Wessex a Bustling Little Town
Mitch Palmer '09 - Today we visited Dorchester in Thomas Hardy’s Wessex. Since it is located in the British countryside, I assumed at first that it would be pretty much like the cornfields and whatnot we see in Indiana. However, I was pleasantly surprised.
For one, the town was much more active than I originally imagined it would be. On one street in particular, which was closed off in order to accommodate pedestrian traffic, it was as crowded as some of the places we have seen in London. The rest of the town was fraught with stores, pubs, inns, and street vendors, and in some places one might forget that London was 2 ½ hours away.
Once we started to pass out of the town and move more into the country, however, I was reminded a little more of home. On the other hand, there were some significant differences between what I’m used to in the States and what I saw here. Most noticeable (and most disappointing) was the lack of road apples. But we did see several kinds of ranches and farms that one would expect to find in the States. One major difference was the heavy presence of forest area among the farms; there was not nearly as much open field as we have in the states.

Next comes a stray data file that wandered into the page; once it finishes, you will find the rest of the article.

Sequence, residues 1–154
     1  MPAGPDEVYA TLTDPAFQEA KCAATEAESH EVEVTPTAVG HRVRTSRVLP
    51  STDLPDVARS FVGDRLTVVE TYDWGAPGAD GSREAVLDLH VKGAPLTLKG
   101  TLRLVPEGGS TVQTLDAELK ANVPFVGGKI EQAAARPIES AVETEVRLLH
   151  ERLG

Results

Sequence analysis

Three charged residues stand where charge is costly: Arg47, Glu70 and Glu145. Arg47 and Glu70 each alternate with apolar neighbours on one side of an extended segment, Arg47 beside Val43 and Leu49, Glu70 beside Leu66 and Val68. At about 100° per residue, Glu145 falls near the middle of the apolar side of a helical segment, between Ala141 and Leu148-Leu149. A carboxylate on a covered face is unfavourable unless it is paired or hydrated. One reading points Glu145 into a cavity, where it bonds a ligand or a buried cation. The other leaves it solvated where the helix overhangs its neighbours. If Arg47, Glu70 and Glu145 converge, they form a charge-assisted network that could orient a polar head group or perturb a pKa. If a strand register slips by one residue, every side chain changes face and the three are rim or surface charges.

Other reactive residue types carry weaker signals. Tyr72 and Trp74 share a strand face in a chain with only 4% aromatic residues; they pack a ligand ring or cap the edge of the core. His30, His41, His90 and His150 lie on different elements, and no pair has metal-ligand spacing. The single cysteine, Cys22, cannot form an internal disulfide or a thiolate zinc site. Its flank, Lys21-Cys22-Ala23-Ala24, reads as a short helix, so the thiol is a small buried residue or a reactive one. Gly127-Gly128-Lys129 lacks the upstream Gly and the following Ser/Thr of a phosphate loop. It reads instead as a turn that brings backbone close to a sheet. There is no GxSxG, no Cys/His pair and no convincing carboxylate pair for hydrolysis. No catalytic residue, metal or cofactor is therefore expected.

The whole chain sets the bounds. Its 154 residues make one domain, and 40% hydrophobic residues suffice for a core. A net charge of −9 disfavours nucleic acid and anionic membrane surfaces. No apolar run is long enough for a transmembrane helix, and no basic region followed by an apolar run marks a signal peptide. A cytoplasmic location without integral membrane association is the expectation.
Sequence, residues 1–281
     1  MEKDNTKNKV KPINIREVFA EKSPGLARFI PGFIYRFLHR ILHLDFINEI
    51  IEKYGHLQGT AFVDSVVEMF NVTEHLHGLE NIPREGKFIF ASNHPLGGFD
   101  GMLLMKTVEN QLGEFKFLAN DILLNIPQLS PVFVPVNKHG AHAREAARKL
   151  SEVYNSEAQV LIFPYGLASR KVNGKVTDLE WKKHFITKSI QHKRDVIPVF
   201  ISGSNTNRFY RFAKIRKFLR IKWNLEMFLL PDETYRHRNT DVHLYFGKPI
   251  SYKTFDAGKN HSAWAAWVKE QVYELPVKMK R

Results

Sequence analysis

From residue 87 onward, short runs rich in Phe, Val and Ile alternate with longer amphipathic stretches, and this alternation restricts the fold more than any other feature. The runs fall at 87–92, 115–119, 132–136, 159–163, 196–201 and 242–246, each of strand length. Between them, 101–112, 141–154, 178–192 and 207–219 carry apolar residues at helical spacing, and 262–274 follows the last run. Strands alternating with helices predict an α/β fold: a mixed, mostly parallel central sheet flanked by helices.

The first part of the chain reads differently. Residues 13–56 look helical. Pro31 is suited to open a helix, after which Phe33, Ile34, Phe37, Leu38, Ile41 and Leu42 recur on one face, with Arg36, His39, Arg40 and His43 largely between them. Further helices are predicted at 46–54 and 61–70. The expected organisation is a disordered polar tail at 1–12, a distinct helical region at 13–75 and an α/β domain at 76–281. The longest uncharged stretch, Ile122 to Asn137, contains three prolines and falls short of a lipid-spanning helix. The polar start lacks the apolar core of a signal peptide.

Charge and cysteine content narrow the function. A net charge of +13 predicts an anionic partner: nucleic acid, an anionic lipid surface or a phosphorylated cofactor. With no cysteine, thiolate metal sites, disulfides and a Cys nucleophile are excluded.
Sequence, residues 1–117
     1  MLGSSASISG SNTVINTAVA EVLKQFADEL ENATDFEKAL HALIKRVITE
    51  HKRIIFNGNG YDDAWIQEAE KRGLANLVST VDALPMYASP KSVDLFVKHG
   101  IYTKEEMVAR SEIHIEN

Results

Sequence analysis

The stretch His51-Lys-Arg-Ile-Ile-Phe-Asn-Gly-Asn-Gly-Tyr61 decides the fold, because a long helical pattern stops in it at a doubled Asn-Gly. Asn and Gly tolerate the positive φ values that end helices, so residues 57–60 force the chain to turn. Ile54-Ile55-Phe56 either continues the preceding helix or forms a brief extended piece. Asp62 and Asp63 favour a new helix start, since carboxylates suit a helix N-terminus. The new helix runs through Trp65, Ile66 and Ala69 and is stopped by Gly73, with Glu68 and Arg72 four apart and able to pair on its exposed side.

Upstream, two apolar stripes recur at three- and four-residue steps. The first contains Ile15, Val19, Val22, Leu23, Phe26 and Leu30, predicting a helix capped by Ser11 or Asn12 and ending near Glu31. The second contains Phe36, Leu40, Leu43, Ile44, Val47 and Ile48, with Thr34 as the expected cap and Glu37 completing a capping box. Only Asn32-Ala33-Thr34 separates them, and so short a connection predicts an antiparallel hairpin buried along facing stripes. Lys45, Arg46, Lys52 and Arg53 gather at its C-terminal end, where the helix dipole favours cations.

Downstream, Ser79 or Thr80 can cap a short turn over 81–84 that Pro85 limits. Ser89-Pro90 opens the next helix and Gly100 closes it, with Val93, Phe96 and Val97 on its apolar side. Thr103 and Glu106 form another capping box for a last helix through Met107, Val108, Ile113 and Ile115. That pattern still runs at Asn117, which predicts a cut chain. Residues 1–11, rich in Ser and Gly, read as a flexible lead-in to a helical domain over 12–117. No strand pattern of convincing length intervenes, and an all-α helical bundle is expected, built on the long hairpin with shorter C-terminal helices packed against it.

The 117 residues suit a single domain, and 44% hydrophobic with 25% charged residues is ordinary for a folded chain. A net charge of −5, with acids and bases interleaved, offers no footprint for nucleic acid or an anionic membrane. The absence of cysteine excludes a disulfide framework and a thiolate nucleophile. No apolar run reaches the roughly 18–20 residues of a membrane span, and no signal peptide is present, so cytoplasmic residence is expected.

Finally, before leaving, we saw Thomas Hardy’s cottage. One of the first things I noticed was the height of the door – probably about 5’ 8” or so; Hardy was not a large man. But the gardens surrounding the cottage, as well as the autumn forestry made for an extremely beautiful, extremely serene scene. After seeing the cottage, we were on our way back to the train station, and upon settling myself on the train, I began my second 2 ½ hour nap of the day.